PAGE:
Van Gelder, A.H.; Sousa, D.Z.; Rijpstra, W.I.C.; J. S. Sinninghe Damsté; Stams, A. J. M.; Sánchez-Andrea, I.

    2014-01-01

    A novel anaerobic succinate-producing bacterium, strain ZWBT, was isolated from sludge collected from a biogas desulfurization bioreactor (Eerbeek, The Netherlands). Cells were non-spore forming, motile, slightly curved rods (0.4 to 0.5 µm in diameter and 2 to 3 µm in length), and stained Gram-negative. The temperature range for growth was 25 to 40°C, with an optimum at 37°C. The pH range for growth was 7.0 to 9.0, with an optimum at pH 7.5. Strain ZWBT ferments glycerol and several carbohydr...

  12. Mutagenesis and reparation processes in the methylotrophic bacterium Pseudomonas methanolica after UV irradiation

    International Nuclear Information System (INIS)

    High resistance of cells of methylotrophic bacterium Pseudomonas methanolica to bactericidal and mutagenous effects of ultraviolet irradiation is shown as well as activity of reparation processes after UV irradiation. The presence of low photoreactivating activity in P. methanolica is shown as well. Observed recovery in innutritious medium and decrease of irradiated cells survival rates under effect of reparation inhibitors (coffeine and acriflavine) testify to activity of excision reparation and, perhaps, recombination branch of postreplicative reparation. No manifestation of inducible reparation system is discovered. It is concluded that increased resistance of P. methanolica cells to bactericidal and mutagenous effects of short-wave ultraviolet radiation is related to activity of exact reparation systems

  13. Whole genome shotgun sequence of Bacillus amyloliquefaciens TF28, a biocontrol entophytic bacterium.

    Science.gov (United States)

    Zhang, Shumei; Jiang, Wei; Li, Jing; Meng, Liqiang; Cao, Xu; Hu, Jihua; Liu, Yushuai; Chen, Jingyu; Sha, Changqing

    2016-01-01

    Bacillus amyloliquefaciens TF28 is a biocontrol endophytic bacterium that is capable of inhibition of a broad range of plant pathogenic fungi. The strain has the potential to be developed into a biocontrol agent for use in agriculture. Here we report the whole-genome shotgun sequence of the strain. The genome size of B. amyloliquefaciens TF28 is 3,987,635 bp which consists of 3754 protein-coding genes, 65 tandem repeat sequences, 47 minisatellite DNA, 2 microsatellite DNA, 63 tRNA, 7rRNA, 6 sRNA, 3 prophage and CRISPR domains. PMID:27688836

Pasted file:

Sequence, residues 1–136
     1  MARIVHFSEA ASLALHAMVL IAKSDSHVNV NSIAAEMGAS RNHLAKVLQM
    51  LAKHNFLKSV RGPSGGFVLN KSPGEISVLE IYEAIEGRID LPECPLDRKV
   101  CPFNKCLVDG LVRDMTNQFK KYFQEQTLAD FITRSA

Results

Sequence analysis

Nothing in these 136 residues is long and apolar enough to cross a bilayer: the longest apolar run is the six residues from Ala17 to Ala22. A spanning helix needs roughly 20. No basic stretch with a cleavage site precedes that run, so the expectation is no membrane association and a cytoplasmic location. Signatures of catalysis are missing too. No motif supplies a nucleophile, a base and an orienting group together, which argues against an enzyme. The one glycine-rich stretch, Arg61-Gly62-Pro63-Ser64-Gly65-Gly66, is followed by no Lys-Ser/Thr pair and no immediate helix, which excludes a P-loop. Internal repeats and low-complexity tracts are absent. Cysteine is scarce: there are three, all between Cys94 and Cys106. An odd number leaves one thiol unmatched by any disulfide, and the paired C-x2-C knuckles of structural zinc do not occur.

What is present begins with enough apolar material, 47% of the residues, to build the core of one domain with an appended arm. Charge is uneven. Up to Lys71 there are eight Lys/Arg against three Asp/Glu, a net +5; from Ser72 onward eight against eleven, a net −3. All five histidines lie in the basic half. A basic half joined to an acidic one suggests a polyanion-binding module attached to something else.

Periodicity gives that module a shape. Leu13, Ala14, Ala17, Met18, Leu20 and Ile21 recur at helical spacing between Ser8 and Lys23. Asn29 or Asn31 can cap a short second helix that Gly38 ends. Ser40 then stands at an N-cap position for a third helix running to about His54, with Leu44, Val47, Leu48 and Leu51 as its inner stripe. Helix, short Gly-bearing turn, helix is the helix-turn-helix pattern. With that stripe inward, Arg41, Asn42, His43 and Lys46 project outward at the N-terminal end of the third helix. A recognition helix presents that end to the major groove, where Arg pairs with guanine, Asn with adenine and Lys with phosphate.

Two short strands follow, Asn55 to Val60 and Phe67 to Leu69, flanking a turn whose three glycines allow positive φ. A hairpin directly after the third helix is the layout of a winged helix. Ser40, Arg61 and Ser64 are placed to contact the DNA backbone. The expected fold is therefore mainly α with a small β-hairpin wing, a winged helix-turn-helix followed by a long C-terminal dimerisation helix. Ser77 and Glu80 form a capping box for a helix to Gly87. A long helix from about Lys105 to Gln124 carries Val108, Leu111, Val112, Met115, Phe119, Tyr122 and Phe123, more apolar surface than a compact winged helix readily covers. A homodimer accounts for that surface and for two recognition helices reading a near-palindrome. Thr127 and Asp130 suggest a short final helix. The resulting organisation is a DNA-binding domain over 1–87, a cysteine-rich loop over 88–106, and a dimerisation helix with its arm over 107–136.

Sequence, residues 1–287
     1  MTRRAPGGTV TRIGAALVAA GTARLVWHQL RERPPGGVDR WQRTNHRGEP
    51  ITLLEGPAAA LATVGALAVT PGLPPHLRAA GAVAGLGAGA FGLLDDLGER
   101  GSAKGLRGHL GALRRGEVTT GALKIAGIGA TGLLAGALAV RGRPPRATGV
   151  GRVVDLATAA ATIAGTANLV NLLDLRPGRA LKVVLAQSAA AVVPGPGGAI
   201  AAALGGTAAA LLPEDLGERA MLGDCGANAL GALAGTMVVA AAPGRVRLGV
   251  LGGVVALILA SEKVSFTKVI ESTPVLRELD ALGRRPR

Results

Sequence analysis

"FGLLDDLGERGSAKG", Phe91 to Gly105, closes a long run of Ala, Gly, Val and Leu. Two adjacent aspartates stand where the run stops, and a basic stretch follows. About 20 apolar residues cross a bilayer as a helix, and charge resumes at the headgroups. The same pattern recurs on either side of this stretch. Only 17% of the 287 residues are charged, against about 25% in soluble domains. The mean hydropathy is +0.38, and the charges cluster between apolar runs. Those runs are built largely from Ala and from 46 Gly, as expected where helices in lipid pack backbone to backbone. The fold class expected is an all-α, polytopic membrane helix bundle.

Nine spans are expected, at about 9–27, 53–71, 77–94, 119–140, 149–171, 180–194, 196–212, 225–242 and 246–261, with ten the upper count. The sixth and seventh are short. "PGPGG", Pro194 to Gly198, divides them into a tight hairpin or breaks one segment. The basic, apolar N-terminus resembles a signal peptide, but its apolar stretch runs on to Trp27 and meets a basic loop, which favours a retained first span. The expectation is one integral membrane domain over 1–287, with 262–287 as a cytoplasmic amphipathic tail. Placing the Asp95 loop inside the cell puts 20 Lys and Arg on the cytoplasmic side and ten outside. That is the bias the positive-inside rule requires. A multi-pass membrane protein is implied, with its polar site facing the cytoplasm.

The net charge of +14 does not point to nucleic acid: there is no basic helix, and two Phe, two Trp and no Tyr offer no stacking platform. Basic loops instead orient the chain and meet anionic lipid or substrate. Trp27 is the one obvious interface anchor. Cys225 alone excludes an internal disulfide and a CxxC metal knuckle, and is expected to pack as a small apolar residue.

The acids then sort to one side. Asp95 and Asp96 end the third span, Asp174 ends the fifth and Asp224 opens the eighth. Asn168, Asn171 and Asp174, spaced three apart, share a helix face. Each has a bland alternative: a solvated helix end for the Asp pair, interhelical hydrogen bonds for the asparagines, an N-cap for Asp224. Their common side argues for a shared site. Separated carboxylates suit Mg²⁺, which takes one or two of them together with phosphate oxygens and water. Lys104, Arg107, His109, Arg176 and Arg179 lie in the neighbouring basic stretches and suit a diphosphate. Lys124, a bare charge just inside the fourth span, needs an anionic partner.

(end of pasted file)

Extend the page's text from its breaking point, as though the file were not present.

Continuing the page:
14. Penetration of the Coral-Bleaching Bacterium Vibrio shiloi into Oculina patagonica

    OpenAIRE

    Banin, E.; Israely, T.; Kushmaro, A.; Y. Loya; Orr, E; Rosenberg, E

    2000-01-01

    Inoculation of the coral-bleaching bacterium Vibrio shiloi into seawater containing its host Oculina patagonica led to adhesion of the bacteria to the coral surface via a β-d-galactose receptor, followed by penetration of the bacteria into the coral tissue. The internalized V. shiloi cells were observed inside the exodermal layer of the coral by electron microscopy and fluorescence microscopy using specific anti-V. shiloi antibodies to stain the intracellular bacteria. At 29°C, 80% of the bac...

  15. Complete genome sequence of Enterobacter cloacae GGT036: a furfural tolerant soil bacterium.

    Science.gov (United States)

    Gong, Gyeongtaek; Um, Youngsoon; Park, Tai Hyun; Woo, Han Min

    2015-01-10

    Enterobacter cloacae is a facultative anaerobic bacterium to be an important cause of nosocomial infection. However, the isolated E. cloacae GGT036 showed higher furfural-tolerant cellular growth, compared to industrial relevant strains such as Escherichia coli and Corynebacterium glutamicum. Here, we report the complete genome sequence of E. cloacae GGT036 isolated from Mt. Gwanak, Seoul, Republic of Korea. The genomic DNA sequence of E. cloacae GGT036 will provide valuable genetic resources for engineering of industrially relevant strains being tolerant to cellular inhibitors present in lignocellulosic hydrolysates.

  16. Clostridium peptidivorans sp. nov., a peptide-fermenting bacterium from an olive mill wastewater treatment digester

    OpenAIRE

    Mechichi, T.; Fardeau, Marie-Laure; Labat, Marc; Garcia, Jean-Louis; Verhé, F.; Patel, B.K.C.

    2000-01-01